Abdo Riani: Exactly. That had, that made a huge difference, John, last year. I mean, I had invested a lot in content, marketing. I had invested a lot in social media marketing. I had written guides that were 15,000 words long, and applied many strategies that helped me distribute those guides and help me create some virality, but it wasn’t until I created the Bootstrap, and so that simple idea that if you highlight people’s expertise and can give them exposure, and can build the relationship with them, why would they mind sharing and distributing your message to their audience? So I, the Bootstrapping summit allowed me to accomplish my goals very quickly, in fact launching online events or launching joint partnerships is what I consider now every entrepreneur’s opportunity for two, three months overnight success because it can help you accomplish so many things, whether it’s relationship building, whether it’s exposure, whether it’s branding, about branding, in fact, thanks to that I was able recently to become a Forbes contributor. I have been trying to become a Forbes contributor for a while, and thanks to that, thanks to that proves that I am the Bootstrapping guy online, or one of the Bootstrapping people to write about one of the Bootstrap entrepreneurs to write about Bootstrapping online. It has helped me get that branding and the attention of the editors.

So I wanted to apply this same idea, John, and exchange this through email in different ways. One of the other ways I’m doing it is, I mentioned chambers. So I went to local chambers, and I told them one of your goals, I know that one of your goals, and I’m looking at your calendar, I know that one of your goals is to educate local entrepreneurs, is to provide them with human capital resources that learn from experts and get advice to help them grow or start their businesses locally. And I told them that I know you have a budget for that, and perhaps it’s not feasible to get many experts to come in and give a presentation for a couple thousand dollars every other week. So one of the things I proposed I could do is bring those experts, although not in person, bring them online where we can have them talk about something and share some insights and answer questions live. And a lot of chambers were very open to the idea, and currently actually am in the planning stages of launching the first ones with here, one of the local ones in South Texas. So that is another application of what I call the accelerate method, or a way to accelerate your growth no matter how you define growth actually.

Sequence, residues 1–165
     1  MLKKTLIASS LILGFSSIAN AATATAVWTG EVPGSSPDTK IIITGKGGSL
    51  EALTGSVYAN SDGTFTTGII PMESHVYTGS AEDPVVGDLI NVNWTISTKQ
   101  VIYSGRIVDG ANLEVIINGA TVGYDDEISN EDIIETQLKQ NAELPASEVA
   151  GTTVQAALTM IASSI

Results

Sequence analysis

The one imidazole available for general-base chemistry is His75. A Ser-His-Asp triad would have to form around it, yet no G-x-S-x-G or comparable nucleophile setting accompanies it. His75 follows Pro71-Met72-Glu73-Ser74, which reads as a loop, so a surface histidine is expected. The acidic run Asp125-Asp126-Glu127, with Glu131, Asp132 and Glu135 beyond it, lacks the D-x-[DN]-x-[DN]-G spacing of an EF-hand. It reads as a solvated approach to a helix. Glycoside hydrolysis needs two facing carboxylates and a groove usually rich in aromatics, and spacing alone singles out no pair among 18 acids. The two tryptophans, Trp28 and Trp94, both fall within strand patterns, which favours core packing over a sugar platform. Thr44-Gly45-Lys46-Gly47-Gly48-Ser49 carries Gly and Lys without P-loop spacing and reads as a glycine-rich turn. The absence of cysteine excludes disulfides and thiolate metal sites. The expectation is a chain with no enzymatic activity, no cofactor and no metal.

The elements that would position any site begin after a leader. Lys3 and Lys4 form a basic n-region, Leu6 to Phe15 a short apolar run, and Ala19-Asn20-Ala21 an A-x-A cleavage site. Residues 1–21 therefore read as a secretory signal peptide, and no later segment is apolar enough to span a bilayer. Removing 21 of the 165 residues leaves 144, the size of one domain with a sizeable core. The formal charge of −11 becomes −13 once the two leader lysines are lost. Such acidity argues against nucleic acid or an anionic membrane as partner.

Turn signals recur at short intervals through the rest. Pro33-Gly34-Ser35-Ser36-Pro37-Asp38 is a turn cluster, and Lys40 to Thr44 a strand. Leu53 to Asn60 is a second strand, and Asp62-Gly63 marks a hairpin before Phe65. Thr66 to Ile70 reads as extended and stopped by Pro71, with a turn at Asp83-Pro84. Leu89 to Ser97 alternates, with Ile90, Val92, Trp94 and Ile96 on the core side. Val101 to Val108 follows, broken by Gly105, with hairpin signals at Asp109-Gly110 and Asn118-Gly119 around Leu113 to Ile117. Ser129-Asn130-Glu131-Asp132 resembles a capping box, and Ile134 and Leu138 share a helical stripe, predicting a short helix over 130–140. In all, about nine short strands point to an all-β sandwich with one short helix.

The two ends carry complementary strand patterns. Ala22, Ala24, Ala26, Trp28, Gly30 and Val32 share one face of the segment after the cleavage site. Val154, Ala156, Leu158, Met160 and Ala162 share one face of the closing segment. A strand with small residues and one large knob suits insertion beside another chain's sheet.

For me, the distribution that’s exactly what I asked for, when they ask me how else, how can we compensate you? And my answer is distribution. All I need is for you to distribute this event or this initiative so that people can come and learn about me and learn about Startup Circle, and also learn about the speaker and the topic. So it becomes a win win, and it’s also doing the same thing with other companies, companies that offer complimentary services and that need or want to educate their members so that their members can use those companies’ software and build successful business. So whatever they want to, that those companies offer the software for, so yeah, John, took some time to answer your question, but [inaudible] online is important.

John Jantsch: I like the chamber idea because I think it’s a very old school business that you are bringing some new ideas to, and a lot of online marketers have been doing summits and webinars and using this technology for years, but there’s still a lot of local business, and I would put the chamber in that, that haven’t come around to that, so I think it’s a great sort of proven application to bring to those businesses.

Hey, as I said in the intro, this is brought to you by Asana. It’s a work management software tool that we’ve been using of a long time. Our entire team, it just allows us to be so much more productive to unify our communication, to keep track of tasks, to assign and delegate, pretty much run everything from meetings all the way up through our client work, and you can get it and try it free for 30 days because you are a listener. So get started at asana.com/ducttape. That’s asana, A-S-A-N-A, .com/ducttape.

John Jantsch: Tell me a little bit about, I mean putting together one of these summits, just kind of go into if somebody’s thinking, okay, this sounds interesting. I like this idea. What goes into putting one of these on?

Abdo Riani: Oh, a lot. In fact, you know when I launched the Bootstrapping summit back in May, I had actually never interviewed anybody in my life, John, back then. Right now I run one to three sessions a day, but back in April, I think, i had been thinking about launching something like this for a while, but I hadn’t done it, and I just woke up, and I said, you know what? I think this is the right time. I have the time, and I have the energy, and I have been thinking about it for a while, so let’s do it. And what goes on is obviously interviewing a lot, so you have to first be prepared that you are going to interview people and that you are going to prepare for those interviews, and that you are going to try to get as much information from those speakers or guests as much as possible.